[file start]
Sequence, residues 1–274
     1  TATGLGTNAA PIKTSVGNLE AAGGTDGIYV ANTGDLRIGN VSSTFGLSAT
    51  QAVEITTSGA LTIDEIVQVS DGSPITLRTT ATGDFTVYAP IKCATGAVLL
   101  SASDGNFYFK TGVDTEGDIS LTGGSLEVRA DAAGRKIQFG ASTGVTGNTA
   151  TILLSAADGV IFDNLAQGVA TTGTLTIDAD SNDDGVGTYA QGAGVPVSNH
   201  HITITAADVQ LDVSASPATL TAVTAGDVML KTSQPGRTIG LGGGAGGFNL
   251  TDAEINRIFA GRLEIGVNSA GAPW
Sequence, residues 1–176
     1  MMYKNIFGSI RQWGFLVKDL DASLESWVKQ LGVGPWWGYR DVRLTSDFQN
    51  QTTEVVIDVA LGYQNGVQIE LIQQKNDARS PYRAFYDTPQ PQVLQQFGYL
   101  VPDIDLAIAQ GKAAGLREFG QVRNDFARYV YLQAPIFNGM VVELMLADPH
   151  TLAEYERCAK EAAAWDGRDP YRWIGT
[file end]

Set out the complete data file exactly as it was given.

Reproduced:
Sequence, residues 1–274
     1  TATGLGTNAA PIKTSVGNLE AAGGTDGIYV ANTGDLRIGN VSSTFGLSAT
    51  QAVEITTSGA LTIDEIVQVS DGSPITLRTT ATGDFTVYAP IKCATGAVLL
   101  SASDGNFYFK TGVDTEGDIS LTGGSLEVRA DAAGRKIQFG ASTGVTGNTA
   151  TILLSAADGV IFDNLAQGVA TTGTLTIDAD SNDDGVGTYA QGAGVPVSNH
   201  HITITAADVQ LDVSASPATL TAVTAGDVML KTSQPGRTIG LGGGAGGFNL
   251  TDAEINRIFA GRLEIGVNSA GAPW
Sequence, residues 1–176
     1  MMYKNIFGSI RQWGFLVKDL DASLESWVKQ LGVGPWWGYR DVRLTSDFQN
    51  QTTEVVIDVA LGYQNGVQIE LIQQKNDARS PYRAFYDTPQ PQVLQQFGYL
   101  VPDIDLAIAQ GKAAGLREFG QVRNDFARYV YLQAPIFNGM VVELMLADPH
   151  TLAEYERCAK EAAAWDGRDP YRWIGT